~What you hear depends on what you were thinking before you heard it~
I’ve sat on this one for awhile because I had to sort out what I thought about the whole deal. Read the post for yourself (Sexist Joke whistle-blower fired) but in summary, a woman overheard two professionals talking at the PyCon Conference, interpreted their conversation as being sexually suggestive and used social media to complain about it. One of the men was subsequently fired by his company, which cited “unacceptable behavior.” Shortly thereafter, the woman who had tweeted the complaint in the first place was also fired – for essentially the same reason.
The media and the public have had a field day ~ expressing opinions about the whole thing, often diametrically opposing each other. Both the man fired and the whistleblower have made public statements, also very dissimilar. Big mess with real world consequences for a lot of people.
I was actually thinking about the situation from a therapist’s perspective. Very often, one of the primary issues between my clients and their idea of happiness is the mental chaos that comes from projecting or ‘mindreading.’ Someone defined ‘projecting’ as …attributing my thought process to someone else and treating them badly because of it. The occasional client has been quite adamant about how good s/he is at mindreading, but when we actually explore what’s happening, without exception it’s projection …and s/he isn’t as accurate as believed.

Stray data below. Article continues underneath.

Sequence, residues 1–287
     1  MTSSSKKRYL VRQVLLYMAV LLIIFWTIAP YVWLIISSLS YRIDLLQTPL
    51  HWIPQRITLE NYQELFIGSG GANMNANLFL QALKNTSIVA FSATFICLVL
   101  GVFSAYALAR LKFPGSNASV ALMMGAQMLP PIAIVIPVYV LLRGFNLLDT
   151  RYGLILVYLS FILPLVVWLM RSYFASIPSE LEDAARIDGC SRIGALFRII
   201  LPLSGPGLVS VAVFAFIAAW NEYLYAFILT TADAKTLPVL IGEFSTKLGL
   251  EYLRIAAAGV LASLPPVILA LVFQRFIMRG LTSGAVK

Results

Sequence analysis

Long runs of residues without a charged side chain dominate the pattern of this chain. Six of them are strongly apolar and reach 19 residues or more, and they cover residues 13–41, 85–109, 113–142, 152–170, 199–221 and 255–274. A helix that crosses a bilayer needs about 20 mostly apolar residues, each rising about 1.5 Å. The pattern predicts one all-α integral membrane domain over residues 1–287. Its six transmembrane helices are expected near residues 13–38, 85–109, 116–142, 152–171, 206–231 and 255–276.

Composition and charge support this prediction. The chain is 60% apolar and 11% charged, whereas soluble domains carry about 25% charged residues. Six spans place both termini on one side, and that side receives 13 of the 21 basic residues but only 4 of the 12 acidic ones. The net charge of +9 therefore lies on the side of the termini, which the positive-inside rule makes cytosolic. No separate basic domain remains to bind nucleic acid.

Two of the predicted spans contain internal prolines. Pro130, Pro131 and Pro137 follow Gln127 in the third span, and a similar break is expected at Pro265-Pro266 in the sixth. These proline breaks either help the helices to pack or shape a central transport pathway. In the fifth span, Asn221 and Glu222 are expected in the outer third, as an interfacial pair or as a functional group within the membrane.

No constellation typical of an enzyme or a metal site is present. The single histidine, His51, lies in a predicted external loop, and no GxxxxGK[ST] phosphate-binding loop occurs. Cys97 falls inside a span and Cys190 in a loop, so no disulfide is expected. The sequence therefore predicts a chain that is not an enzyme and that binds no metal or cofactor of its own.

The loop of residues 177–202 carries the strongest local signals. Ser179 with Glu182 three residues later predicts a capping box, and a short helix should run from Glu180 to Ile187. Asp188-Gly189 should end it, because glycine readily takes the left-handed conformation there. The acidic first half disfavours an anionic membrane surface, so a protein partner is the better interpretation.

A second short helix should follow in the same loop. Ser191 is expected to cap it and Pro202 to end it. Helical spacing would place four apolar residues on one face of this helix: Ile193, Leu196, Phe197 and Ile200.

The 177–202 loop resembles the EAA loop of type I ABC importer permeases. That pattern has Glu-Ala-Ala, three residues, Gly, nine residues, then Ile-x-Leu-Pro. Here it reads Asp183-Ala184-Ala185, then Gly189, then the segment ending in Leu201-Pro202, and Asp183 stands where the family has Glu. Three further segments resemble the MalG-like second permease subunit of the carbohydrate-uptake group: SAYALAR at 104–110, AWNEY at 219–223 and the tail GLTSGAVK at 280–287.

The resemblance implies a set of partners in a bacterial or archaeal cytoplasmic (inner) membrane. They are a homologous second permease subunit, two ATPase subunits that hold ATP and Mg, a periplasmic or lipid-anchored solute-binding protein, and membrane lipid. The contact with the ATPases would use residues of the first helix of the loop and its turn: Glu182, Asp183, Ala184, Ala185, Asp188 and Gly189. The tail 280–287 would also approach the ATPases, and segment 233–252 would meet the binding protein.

As intuitive beings, we have, to a greater or lesser degree, the ability to sense someone else’s state, and from that make deductions or guesses as to the thoughts that may be happening. It’s not that we’re never correct, it’s that we come to conclusions about the other person’s motives, agenda, or perspective, and this is where things go pear-shaped.
But it’s also a little more sophisticated than that. The projections are often unrecognized self-criticisms directed outward. Essentially, whatever I think of myself or say to myself, I believe others think of me. I try to pre-empt the possibility of hearing the critical, awful, negative things I say to myself coming out of someone else’s mouth by “controlling” both sides of the encounter. I write a script in my head that the other is expected to follow. And when that doesn’t happen (I didn’t share my script) emotional wounds and conflict often ensue.
The remedy? Long term, learn to love ourselves, as we are; a mix of strengths and weaknesses, foibles and eccentricities, but above all, absolutely unique and priceless. Short term? Stop the mental chaos. Focus on listening to what the other is really saying, and respond only to what is literally said, or observably done ~ not to what you think discern, infer, assume, or believe about it.
Almost always, there’s a different outcome.
As for the “whistle blower,” it’s hard to fathom how her actions represent anything positive. She was not part of the conversation, it was not directed at her, she did not ask any questions about the subject or context (“What do you mean by ‘farking’?”) and she then goes directly to social media with the picture and complaint based entirely on her (unconfirmed) interpretation.